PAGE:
General Manager of Long Island Lizards Lacrosse
At 26 years old, Casey Hilpert can’t play the youth card. He’s not about to anyway. The Lizards, Long Island’s entry in Major League Lacrosse, are his team. He began in 2006 as a part-time employee and is in his second season as a general manager. Upon his appointment, he was unofficially the youngest GM in professional sports, and he’s worked long, hard hours ever since to ensure that the franchise, now amid its ninth season, has its momentum going forward.
“It’s one of those things where I’m never going to be satisfied until my stadium’s full,” Hilpert said. “We set our goals year after year. There’s so much potential here on Long Island. Until we’ve reached it, me and my staff just aren’t going to rest.”
Between wing-eating contests, face painters, inflatables and rock walls, the pre-game is quite an undercard to the main event—quite literally the country’s top talent going toe to toe. This month, the Lizards will have a league-high 19 players try out for Team USA. A major chunk of that group hails from the Island. In fact, 35 of the 40 invitees to Lizards training camp are home-grown. Farmingdale’s Matt Danowski, formerly of Duke, is one of two winners of the prestigious Tewaaraton Trophy given out annually to the best college player in the country (Matt Ward of Virginia is the other).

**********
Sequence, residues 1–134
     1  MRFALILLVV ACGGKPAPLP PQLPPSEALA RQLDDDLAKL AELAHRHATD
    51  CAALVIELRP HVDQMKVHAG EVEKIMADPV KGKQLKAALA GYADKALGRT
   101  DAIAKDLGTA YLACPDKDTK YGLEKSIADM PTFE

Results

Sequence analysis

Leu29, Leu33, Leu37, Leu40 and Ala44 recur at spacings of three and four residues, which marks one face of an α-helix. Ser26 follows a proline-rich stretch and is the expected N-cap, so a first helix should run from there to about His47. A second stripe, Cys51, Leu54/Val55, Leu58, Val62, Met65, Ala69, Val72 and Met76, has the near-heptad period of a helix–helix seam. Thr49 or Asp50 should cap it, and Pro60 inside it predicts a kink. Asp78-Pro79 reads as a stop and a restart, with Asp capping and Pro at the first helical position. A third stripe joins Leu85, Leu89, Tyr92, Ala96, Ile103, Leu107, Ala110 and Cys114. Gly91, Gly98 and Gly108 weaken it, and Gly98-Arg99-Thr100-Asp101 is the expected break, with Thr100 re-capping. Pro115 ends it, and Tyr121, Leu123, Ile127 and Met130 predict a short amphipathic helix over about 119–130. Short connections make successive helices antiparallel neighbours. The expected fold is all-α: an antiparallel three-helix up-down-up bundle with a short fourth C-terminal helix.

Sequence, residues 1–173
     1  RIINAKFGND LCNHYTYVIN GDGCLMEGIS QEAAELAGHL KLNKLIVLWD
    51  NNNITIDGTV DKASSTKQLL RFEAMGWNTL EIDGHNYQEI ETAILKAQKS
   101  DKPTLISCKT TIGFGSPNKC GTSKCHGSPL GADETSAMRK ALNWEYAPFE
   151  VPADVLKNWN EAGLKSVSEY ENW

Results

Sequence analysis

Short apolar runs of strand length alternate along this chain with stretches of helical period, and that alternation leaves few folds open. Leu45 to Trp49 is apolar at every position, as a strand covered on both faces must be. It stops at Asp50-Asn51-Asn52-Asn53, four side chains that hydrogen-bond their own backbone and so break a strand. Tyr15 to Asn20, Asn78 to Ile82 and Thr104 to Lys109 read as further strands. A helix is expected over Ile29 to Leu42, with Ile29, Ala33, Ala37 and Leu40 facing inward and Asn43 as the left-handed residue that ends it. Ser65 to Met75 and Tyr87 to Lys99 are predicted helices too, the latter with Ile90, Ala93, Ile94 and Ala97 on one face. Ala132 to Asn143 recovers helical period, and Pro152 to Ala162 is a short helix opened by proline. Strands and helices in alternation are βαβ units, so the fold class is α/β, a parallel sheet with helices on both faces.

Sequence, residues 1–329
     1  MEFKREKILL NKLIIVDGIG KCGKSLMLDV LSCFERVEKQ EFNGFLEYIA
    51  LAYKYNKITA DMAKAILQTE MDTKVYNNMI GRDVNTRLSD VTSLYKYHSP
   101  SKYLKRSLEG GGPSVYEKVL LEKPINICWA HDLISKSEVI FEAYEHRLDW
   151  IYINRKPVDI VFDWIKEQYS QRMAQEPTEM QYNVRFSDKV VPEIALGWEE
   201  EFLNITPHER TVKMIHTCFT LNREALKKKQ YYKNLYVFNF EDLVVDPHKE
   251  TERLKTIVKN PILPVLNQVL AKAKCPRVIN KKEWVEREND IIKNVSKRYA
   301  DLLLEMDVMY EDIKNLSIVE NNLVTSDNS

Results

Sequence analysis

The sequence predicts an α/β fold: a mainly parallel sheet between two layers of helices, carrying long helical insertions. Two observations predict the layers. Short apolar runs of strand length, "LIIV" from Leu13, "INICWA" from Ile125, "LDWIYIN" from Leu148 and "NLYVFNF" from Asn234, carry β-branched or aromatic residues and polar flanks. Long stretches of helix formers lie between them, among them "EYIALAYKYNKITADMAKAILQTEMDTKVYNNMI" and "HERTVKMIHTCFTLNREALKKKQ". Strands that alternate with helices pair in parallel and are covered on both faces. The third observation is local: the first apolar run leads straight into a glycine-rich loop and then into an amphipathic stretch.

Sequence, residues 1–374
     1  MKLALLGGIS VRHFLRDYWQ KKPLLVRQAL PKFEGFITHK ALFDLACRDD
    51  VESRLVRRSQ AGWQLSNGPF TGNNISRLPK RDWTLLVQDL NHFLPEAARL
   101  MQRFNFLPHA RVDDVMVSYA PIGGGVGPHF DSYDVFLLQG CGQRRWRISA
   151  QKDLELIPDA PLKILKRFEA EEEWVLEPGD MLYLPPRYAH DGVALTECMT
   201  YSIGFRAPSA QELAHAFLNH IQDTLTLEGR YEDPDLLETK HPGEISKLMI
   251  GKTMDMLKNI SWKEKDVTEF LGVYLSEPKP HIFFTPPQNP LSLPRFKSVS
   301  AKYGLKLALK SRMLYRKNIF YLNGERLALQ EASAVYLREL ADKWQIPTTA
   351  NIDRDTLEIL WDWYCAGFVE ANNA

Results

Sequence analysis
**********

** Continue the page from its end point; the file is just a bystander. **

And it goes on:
“We are the best lacrosse players in the world,” Hilpert said. “That’s where we differ from minor league baseball. It’s a great game and it’s very affordable to come to.”
While pro teams in the city charge hundreds and even thousands of dollars for their premier seats, the Lizards’ most expensive ticket stands in the Volkswagen fan zone at $50 a head. It puts a ticketholder on the sidelines during the game, is fully catered and offers complimentary Bud Lights. Cheaper tickets go for $15 and $20, with family packs (4 tickets, 4 food vouchers) available for $70.
“It’s one of those things where I’m never going to be satisfied until my stadium’s full,”
Hilpert, a college lacrosse player himself at Fairfield, has focused on spreading the word to those in all directions from New York City—Westchester, Hudson Valley, the Island. Determining just how successful the Lizards and the sport has been is a two-sided discussion. On one hand, Long Island averaged a respectable 4,000 fans per game, and the sport has flourished in places like Boston, which drew around 9,000 a night, and Denver, which averaged 13,000 and brought in a league record 20,000 for a game against San Francisco last July. On the other, Major League Lacrosse contracted from 10 teams back to six this season, losing teams in Philadelphia, New Jersey, San Francisco and Los Angeles with the Rochester squad relocating to Toronto. Closer to home, the indoor brand of lacrosse, played by the New York Titans, started on the Island and at Madison Square Garden but has since switched to Newark, NJ.
The reformatting of MLL led to the redistribution of players from the defunct squads and has allowed the Lizards and their opponents to load up on talent. Aside from their talent, Hilpert and his players understand what needs to be done to grow the team and the league. They stay after to sign autographs and take pictures, right until the last person departs. The alternative for the ‘weekend warriors’ – they all have full-time jobs but suit up for the Lizards twice a week—is not playing at all.
“It’s a big challenge but it’s something I looking forward to,” Hilpert said. I wouldn’t be working 12- and 13-hour days if I didn’t something that could be done.”